How Lee & Kirby's "Fantastic Four" Birthed the Marvel Universe, Part 1
At DreamWorks Animation’s 2013 theatrical lineup presentation, Spinoff Online and other members of the press were given the chance to preview the studio’s 2013 slate: the prehistoric-family road trip The Croods, gastropod-friendly racing film Turbo and the big-screen revival of the Rocky and Bullwinkle staple Mr. Peabody & Sherman.
Besides the announcement that DreamWorks will be releasing three films a year beginning in 2013 (with a full slate that will take them into 2016), the studio revealed it had just signed a five-year distribution agreement with 20th Century Fox.
DreamWorks then began the presentation with the last film out next year, Mr. Peabody & Sherman, executive produced by Tiffany Ward, daughter of original Mr. Peabody animator Jay Ward, and directed by The Lion King’s Rob Minkoff. The film transforms the 1950s shorts into a CG-animated feature starring Modern Family’s Ty Burrell as Mr. Peabody and child actor Max Charles as Sherman, Peabody’s adopted human son.
Minkoff took center stage to show a joke clip of the new CG Peabody and Sherman watching a minute of the old Rocky and Bullwinkle shorts. “What I loved was they were the dog-and-boy relationship turned on its head,” the director said.“But what really made it special were the time traveling adventures they took in the Wayback Machine that Peabody invented for Sherman.”
The basic premise was laid out in a series of unfinished clips, with Peabody and Sherman living a seemingly ideal life adventuring through time (with the occasional hiccup, such as nearly being guillotined during the French Revolution), courtesy of the Wayback Machine created to educate Sherman. However, Sherman is now old enough that he has to go to school, and while Mr. Peabody has prepared his boy for academics, he hasn’t equipped him to deal with other kids.
After a quarrel with jealous classmate Penny (Modern Family’s Ariel Winter) escalates into biting, Mr. Peabody invites the girl and her family over to make amends — only to have Sherman lose Penny on an unauthorized trip in the Wayback Machine. Now the two have to find Penny and repair the damage done to the timeline before their future goes up in smoke.
Minkoff, who brought the project to DreamWorks in 2005, joked, “It’s been my own time-travel adventure bringing it here.” The film arrives in theaters Nov. 1.
Up next was a peek at Turbo, a star-studded comedy about a garden snail with big dreams of becoming a racer. Our snail in question, the car-crazy Turbo (voiced by Ryan Reynolds), gets his chance when a freak accident during an illegal human drag race transforms him, giving the snail super-speed.
Turbo is based on an original screenplay by writer/director David Soren, who said the idea came to him while spending time at home with his 6-year-old son. “Since he was barely old enough to talk, he’s been obsessed with cars and racing,” Soren said. “The second inspiration was my front yard, which has a bit of a snail problem. It was this daily collision of speed and slowness that got me starting to piece together the bones of a story.”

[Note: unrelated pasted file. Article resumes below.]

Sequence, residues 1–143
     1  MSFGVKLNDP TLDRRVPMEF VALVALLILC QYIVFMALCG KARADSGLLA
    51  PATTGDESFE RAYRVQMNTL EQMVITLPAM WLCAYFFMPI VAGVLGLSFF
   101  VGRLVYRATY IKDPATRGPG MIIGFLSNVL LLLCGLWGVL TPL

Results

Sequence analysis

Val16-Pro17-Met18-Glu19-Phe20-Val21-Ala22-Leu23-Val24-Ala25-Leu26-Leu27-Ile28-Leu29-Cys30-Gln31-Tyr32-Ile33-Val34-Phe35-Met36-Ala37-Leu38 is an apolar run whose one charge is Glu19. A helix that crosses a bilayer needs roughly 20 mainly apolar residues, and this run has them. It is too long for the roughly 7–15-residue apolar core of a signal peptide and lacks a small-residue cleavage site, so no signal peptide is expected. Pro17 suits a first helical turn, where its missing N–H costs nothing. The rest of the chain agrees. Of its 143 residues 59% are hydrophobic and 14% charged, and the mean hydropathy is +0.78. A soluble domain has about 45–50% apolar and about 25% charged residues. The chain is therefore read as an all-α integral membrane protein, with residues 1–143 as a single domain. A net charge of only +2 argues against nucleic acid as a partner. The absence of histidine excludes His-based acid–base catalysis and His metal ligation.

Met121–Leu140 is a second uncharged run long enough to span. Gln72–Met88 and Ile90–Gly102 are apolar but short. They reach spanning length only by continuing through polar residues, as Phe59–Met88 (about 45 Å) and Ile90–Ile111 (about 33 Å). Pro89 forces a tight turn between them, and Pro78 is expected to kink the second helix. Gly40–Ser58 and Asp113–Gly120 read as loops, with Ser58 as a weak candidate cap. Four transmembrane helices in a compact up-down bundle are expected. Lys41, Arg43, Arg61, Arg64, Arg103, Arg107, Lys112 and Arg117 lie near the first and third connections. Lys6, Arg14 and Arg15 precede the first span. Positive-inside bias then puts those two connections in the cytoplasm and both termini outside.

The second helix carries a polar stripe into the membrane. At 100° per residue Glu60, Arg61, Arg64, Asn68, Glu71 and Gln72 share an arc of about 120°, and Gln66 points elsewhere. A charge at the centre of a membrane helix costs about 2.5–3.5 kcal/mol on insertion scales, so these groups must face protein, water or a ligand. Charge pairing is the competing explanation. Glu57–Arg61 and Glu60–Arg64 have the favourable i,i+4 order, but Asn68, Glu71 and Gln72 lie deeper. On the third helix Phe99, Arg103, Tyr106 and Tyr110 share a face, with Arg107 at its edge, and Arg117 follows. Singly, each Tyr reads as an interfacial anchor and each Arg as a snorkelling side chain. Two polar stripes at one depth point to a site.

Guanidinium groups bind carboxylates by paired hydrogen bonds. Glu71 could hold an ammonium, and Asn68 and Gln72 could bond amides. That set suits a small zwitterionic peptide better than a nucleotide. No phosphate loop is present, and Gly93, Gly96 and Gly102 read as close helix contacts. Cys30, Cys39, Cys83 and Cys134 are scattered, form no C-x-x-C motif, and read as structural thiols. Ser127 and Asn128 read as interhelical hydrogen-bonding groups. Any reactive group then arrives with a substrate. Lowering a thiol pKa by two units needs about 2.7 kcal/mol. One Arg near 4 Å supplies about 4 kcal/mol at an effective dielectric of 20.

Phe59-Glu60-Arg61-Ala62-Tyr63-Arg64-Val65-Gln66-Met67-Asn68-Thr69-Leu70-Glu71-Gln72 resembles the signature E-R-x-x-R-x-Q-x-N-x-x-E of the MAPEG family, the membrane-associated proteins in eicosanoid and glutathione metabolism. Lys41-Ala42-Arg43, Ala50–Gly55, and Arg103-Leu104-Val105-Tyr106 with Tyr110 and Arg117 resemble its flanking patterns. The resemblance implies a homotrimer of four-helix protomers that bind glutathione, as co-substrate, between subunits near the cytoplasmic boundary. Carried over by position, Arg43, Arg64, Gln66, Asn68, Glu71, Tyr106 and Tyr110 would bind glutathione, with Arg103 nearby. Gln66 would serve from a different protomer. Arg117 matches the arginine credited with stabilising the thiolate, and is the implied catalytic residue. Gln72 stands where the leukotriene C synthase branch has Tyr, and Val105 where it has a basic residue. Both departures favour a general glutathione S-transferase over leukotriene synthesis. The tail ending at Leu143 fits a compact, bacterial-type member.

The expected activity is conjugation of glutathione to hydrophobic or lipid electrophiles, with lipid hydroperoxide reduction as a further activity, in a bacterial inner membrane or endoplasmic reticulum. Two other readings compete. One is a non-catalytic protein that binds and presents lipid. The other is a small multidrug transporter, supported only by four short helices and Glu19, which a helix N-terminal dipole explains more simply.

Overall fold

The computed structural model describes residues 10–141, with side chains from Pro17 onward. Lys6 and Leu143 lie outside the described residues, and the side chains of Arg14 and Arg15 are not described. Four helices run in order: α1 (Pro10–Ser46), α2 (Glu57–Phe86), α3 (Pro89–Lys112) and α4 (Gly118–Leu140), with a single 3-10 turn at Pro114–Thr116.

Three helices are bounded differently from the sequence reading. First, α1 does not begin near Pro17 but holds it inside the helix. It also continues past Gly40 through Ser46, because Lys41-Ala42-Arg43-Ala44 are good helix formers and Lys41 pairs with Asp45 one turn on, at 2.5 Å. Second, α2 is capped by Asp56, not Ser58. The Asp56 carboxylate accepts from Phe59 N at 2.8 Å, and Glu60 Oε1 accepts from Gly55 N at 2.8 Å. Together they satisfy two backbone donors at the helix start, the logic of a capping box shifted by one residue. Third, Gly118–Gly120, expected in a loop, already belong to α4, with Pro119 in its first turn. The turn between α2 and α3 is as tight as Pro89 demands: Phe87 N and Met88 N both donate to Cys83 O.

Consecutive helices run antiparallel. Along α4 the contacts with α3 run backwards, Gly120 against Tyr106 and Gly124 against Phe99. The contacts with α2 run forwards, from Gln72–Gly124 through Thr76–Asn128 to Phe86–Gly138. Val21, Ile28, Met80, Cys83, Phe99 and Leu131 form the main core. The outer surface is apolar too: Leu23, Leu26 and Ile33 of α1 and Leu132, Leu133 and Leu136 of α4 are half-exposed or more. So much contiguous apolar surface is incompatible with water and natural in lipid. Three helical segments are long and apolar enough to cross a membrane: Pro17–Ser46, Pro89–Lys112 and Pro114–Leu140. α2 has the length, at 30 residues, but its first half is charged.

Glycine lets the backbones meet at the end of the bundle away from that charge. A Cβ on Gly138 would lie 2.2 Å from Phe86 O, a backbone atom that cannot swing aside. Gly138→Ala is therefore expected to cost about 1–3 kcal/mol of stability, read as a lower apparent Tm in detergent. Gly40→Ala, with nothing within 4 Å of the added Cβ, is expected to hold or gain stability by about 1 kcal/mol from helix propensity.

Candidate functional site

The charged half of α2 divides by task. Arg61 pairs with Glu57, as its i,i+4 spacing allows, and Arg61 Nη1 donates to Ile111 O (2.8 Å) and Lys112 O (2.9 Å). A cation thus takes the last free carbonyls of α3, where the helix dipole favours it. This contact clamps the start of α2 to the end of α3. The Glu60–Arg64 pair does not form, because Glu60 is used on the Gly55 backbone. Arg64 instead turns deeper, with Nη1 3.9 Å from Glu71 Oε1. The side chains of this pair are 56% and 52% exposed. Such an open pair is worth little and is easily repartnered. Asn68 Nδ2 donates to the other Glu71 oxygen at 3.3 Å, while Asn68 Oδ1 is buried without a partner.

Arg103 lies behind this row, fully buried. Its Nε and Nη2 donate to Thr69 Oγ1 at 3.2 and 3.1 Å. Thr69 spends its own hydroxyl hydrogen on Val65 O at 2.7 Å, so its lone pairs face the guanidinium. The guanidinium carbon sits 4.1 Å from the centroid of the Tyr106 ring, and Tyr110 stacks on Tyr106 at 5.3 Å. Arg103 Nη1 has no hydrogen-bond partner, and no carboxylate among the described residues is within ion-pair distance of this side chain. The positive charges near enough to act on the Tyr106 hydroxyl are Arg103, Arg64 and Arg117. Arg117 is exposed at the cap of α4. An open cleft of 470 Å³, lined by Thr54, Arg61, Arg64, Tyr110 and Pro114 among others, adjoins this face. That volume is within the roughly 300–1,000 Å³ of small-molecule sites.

The cast also includes Paul Giamatti, Samuel L. Jackson, Maya Rudolph, Snoop Dogg, Luis Guzman, Bill Hader, Ken Jeong, Richard Jenkins, Kurtwood Smith and Michelle Roriguez.
“The movie itself is a mash-up of superhero and racing genres, but at it’s heart it is an underdog story,” Soren said. Turbo opens July 19.
Capping the presentation was The Croods, an adventure about a cave family forced to find a new home after their old one is destroyed in an earthquake. Speaking about the film were co-directors and co-writers Chris Sanders (Lilo and Stitch, How to Train Your Dragon) and Kirk DeMicco (Space Chimps).
“This is the first DreamWorks family film that features an actual family!” DeMicco joked before explaining, “This is the last chapter of the caveman. This is the moment in time when humans left their cave and ventured out forever. Sanders chimed in that the film is set in the “Croodateous” period, a fake epoch in human prehistory.
The Amazing Spider-Man and Easy A star Emma Stone was also on hand via a prerecorded bit to plug the film, joking from a sound booth that her character, the strong teenage cave girl Eep, “Finally gave me a chance to play a character who doesn’t have trouble picking up guys — literally.”
Eep is a curious cave girl frustrated by her overprotective father Grug (Nicolas Cage) and the rules her family must live by in order to avoid being eaten. The Croods have managed to survive the dangerous prehistoric world by shunning anything new, hiding in their cave at night and working together on the few occasions they must forage for food. In a series of clips that laid out the story, Eep defies her family to sneak out at night and stumbles into Guy (Ryan Reynolds once again), the first human to have an imagination.
Warned by Guy that their world will soon come to an end, The Croods are forced to take mankind’s first road trip when a sudden geological upheaval destroys their cave. Enthusiastic Eep and wary Grug also force Guy to come with them as a guide. The clips previewed the beginning of the family’s journey, and their growing reliance on the fire-using, tool-making and story-telling Guy, to Grug’s increasing jealousy.
Rounding out the cast is Cloris Leachman as Crood grandmother Gran, Clark Duncan as Eep’s brother Thunk and Catherine Keener as mother and wife Ugga. The Croods opens March 22.